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Brayton cycle solar generation.

  1. Dec 5, 2009 #1
    I've been trying to wrap my head around this one for a while. What are the drawbacks to using a brayton cycle solar generation setup?

    Here's the setup. It seems a car turbo is the cheapest and best suited so that's what I'll prototype if the idea gets that far.

    Atmosphere => Compressor => Solar array => turbine => Exhaust to atmosphere.


    Uses the atmosphere as the heat sink.
    No high temperature fluids. (low specific heat capacity for air.)
    Nothing environmentally controlled or hazardous. (such as ammonia or refrigerants)
    Cheap off the shelf components.
    Simple design. (No circ pumps or feed pumps.)


    High RPM will need to be geared down.
    May not have reasonable efficiency at achievable temperatures.

    Here are some links to bring you up to speed if you need em.

    Brayton cycle:

    A similar design that uses solar to improve efficiency:

    Anything else y'all can thing of?
  2. jcsd
  3. Dec 7, 2009 #2
    air has such poor heat transfer properties. The transfer of the energy from the heaters to the drive pressure air would probably yield poorer results vs fluid/vaporization style closed system

  4. Dec 7, 2009 #3


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    Well air has a genrally low specific heat, but this just means it heats up more for a given thermal flux and isn't necessarily a drawback. Air is also a poor thermal conductor, so you would have to rely on a pretty large heat exchanger to transfer heat into it (more of a design consideration than a problem).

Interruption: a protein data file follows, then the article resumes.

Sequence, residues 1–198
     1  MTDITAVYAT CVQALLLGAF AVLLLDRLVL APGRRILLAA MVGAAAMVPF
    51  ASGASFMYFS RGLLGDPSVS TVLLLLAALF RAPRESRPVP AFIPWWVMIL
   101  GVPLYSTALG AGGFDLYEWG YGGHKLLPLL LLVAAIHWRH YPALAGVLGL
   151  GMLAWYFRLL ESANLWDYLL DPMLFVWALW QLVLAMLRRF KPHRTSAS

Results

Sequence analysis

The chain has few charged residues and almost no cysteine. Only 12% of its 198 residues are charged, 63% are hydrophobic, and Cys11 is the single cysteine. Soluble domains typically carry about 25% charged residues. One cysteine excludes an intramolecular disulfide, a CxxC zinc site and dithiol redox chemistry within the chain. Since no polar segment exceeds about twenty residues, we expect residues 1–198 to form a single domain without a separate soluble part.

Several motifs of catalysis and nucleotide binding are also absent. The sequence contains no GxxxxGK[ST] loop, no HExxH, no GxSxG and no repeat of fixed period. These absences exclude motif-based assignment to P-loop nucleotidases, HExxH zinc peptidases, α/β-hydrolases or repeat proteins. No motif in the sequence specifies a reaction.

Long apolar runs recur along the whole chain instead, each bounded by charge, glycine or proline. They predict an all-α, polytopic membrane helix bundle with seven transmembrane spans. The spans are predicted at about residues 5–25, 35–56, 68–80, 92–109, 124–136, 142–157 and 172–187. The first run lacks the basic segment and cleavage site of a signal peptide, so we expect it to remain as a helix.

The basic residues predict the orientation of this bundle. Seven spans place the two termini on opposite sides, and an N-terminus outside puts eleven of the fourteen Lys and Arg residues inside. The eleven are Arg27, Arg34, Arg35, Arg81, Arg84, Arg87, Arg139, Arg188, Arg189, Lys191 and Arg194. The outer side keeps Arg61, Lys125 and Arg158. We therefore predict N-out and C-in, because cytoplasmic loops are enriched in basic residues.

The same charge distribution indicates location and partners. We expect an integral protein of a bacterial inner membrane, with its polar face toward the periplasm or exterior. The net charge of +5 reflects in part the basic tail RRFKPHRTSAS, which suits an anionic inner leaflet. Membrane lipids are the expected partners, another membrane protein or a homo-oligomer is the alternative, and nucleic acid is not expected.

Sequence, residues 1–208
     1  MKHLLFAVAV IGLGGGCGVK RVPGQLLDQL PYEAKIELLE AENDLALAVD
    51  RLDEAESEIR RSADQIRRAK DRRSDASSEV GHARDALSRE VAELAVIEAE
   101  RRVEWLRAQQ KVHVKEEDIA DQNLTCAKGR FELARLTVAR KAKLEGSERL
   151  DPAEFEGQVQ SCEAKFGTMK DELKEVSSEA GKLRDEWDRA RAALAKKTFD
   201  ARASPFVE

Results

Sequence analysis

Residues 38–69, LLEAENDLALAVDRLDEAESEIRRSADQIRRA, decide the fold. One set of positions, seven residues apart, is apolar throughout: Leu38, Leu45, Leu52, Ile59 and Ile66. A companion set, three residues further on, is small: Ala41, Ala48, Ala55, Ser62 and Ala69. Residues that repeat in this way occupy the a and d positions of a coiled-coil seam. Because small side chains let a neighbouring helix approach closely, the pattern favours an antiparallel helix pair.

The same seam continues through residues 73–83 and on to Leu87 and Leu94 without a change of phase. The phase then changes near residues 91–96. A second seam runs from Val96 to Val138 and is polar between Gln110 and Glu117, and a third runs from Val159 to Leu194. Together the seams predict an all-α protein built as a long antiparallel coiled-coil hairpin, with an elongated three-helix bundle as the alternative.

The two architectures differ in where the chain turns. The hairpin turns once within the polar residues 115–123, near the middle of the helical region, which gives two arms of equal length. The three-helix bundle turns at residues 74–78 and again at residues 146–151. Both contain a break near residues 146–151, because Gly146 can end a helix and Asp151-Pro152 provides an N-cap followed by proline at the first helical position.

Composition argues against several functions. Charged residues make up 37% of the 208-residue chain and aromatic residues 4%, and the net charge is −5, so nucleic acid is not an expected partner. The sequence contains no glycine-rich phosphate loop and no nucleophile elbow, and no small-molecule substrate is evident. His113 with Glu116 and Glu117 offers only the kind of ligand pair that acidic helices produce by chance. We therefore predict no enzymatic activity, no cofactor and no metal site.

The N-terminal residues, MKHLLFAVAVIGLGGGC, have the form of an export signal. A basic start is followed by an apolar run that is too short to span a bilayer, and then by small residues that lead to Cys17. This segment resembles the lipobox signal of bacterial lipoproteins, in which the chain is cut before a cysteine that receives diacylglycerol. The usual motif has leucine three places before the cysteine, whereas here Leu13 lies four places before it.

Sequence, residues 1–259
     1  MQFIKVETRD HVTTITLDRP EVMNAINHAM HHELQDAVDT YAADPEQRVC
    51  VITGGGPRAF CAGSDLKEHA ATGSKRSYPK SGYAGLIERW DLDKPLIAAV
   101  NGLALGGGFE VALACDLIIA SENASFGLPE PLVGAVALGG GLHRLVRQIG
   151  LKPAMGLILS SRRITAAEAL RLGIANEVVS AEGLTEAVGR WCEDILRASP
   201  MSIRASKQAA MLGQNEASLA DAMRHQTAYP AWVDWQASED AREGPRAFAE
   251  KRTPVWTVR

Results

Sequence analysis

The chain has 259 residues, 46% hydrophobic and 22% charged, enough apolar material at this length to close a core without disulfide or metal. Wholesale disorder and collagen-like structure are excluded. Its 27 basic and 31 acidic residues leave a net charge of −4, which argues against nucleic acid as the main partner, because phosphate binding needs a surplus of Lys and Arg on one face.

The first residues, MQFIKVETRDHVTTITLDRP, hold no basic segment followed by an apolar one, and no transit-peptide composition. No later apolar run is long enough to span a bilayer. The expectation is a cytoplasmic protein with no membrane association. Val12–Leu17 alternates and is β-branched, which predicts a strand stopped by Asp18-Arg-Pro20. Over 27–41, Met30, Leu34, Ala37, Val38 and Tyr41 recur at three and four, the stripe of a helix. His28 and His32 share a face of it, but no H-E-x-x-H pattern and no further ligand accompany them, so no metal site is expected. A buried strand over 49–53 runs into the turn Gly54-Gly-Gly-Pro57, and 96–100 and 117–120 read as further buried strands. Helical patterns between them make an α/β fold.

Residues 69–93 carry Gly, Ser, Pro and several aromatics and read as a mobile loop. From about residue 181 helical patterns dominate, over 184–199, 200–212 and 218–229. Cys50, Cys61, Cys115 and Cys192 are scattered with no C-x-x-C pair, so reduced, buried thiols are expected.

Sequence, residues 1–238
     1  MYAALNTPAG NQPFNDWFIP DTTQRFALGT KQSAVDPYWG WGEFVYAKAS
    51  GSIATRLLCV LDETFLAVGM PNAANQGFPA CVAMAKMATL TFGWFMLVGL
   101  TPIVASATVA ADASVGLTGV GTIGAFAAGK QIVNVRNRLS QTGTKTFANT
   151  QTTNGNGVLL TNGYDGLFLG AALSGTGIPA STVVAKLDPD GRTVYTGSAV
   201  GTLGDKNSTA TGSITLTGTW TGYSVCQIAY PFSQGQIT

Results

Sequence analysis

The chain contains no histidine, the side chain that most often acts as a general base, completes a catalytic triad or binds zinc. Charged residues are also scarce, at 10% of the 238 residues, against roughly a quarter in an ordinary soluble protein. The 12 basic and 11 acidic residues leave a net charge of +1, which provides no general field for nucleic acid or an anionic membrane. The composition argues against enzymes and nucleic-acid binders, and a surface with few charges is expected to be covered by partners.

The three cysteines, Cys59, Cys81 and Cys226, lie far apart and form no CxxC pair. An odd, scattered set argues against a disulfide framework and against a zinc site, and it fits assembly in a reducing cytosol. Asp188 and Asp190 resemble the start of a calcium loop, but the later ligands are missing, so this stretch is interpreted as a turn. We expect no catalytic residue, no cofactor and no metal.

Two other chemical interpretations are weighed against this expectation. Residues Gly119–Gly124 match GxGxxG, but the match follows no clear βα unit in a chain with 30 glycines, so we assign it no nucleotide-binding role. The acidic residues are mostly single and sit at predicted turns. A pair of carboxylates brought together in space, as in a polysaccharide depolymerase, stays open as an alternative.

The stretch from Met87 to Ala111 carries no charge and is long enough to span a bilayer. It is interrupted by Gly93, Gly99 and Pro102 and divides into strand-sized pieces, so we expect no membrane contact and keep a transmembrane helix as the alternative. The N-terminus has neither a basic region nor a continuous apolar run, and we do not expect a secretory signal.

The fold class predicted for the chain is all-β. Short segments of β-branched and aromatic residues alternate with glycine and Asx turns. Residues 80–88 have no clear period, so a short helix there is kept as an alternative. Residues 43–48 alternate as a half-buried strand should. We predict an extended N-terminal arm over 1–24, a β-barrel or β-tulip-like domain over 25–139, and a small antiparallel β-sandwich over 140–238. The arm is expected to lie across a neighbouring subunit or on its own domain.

Overall the system is feasable, but as with all solar systems it will be limited by the amount of solar flux you are collecting. Concentrating a usable amount of solar energy could be the most challenging part of the system, especially when paired with losses in the compressor/turbine, and heat exchanger.
  5. Dec 7, 2009 #4
    Planing on using large parabolic trough reflectors so the heat exchanger will be large. I have no idea what kind of temperature/flow-rate I'm gonna get, but I'm hoping for an overall efficiency of >10%. Guess I'll start putting pen to paper and planning a prototype.

    May even use a regenerative heat exchanger, but that's all dependent on the pressure.
  6. Dec 7, 2009 #5
    I looked into similar power cycles for spacecraft power, and the one thing that really killed me was the power needed to run the compressor. I thought it would be small, but it ended up making my design infeasible due to size constraints of the spacecraft.
    Just an FYI.
  7. Nov 20, 2010 #6
    i have been involved in the same idea. i find that the only real hurdle is that an automotive turbocharger (or even a large industrial diesel engine turbocharger) are limited to very low pressure ratios (2.1 to the most), and the reason for it is simple, in gas engines you cannot overboost or you get preignition, and even in diesel you don´t need much more. Brayton cycle based t/c need an 8 at least to begin doing their thing (check the efficiency formula for Brayton). remember regular gas turbines (land,or air use) are always near 15 in their pressure ratios.